"Most repositioning over the next several quarters will focus on increasing our allocation to stocks we consider disruptors. "
In general, improving growth companies are taking specific actions to enhance their growth profiles going forward, whether through a restructuring, business model change, new management team or more productive use of assets. Some of the Strategy’s communication services holdings, such as Discovery, which is in the process of combining with WarnerMedia and transitioning its business from linear to direct to consumer delivery through streaming, fall into this bucket. Another recent example is Nuance Communications, which was simplified and reorganized under new leadership in 2018 and subsequently acquired by Microsoft for a significant premium this quarter. This continues the Strategy’s long track record of positioning successfully to benefit from consolidation, with more than 80 companies having been acquired since inception.
Not every portfolio company will neatly fit into one of these four growth segments and some may move from one to another over time. Social media platform Twitter could be considered an improving growth story due to the initiatives put in place to grow and better monetize its user base. With the global return of live events and sports causing a rebound in advertising, combined with other new services beginning to thrive, this is a company with the fundamentals to be categorized as a disruptor.
As we look ahead, in addition to rotating some of the portfolio into faster growing disruptors, we also see opportunity to widen out the portfolio’s industry weightings. In particular, we are looking at consumer-oriented companies tied to e-commerce and enterprise technology spending, where we currently have more limited exposure. Likewise, even within sectors where we have established overweights, we see room to broaden out into underrepresented subsectors.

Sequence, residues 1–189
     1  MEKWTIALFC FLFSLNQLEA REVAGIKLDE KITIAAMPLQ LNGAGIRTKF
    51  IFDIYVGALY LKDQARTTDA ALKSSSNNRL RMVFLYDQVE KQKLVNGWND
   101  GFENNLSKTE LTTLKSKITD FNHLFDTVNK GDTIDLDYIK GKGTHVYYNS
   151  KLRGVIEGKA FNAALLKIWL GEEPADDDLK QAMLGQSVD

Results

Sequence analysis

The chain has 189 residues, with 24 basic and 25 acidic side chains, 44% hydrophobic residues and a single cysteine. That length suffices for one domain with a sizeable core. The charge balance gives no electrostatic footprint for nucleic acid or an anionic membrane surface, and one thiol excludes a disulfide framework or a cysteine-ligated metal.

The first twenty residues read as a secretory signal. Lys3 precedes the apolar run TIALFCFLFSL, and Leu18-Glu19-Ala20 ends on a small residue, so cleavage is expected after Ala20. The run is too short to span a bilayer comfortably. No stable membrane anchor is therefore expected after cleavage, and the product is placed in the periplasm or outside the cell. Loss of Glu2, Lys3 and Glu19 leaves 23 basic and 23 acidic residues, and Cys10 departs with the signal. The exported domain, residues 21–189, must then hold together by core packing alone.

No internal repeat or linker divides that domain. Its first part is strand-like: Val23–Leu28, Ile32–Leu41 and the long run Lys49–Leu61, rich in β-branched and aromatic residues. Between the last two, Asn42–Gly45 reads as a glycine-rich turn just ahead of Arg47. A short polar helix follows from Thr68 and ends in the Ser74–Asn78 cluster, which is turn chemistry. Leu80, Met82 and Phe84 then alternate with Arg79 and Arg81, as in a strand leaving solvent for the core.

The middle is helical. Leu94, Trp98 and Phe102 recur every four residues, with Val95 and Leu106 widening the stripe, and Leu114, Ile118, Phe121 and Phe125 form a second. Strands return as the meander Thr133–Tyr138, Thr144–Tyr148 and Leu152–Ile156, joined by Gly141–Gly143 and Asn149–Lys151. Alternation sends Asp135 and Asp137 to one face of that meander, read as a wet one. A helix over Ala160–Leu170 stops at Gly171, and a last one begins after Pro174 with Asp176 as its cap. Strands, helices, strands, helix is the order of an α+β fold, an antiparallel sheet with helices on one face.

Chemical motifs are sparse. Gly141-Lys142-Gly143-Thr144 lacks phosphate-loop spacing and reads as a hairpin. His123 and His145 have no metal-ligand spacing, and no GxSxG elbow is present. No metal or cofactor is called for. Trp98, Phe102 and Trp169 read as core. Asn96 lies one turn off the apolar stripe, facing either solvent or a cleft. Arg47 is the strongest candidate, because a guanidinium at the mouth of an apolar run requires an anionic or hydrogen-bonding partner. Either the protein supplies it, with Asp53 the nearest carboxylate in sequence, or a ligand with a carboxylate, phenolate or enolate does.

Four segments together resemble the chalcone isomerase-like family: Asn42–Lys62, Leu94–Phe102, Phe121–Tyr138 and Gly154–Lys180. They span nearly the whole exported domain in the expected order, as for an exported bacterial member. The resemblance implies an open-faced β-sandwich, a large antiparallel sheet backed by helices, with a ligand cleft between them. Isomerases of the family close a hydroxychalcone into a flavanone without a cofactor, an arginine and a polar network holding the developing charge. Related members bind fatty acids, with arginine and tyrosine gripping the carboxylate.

We initiated a position in Match Group in the quarter, the leading provider of dating products globally with 50%+ share of global online dating users. While this increases our overweight to the communication services sector, it adds indirect exposure to the consumer and diversifies the portfolio at the subsector level with an interactive media and service company, versus our historical overweight within traditional media. We see Match as a disruptor in the large, relatively underpenetrated market for online dating (there are 620 million global singles between 18 and 65, excluding China, versus the company’s 10 million paying subscribers today), and believe the company is well-positioned to benefit from a post-COVID-19 return to normalcy. We are also attracted to Match’s strong profitability profile and high degree of visibility given a large portion of revenue is subscription based.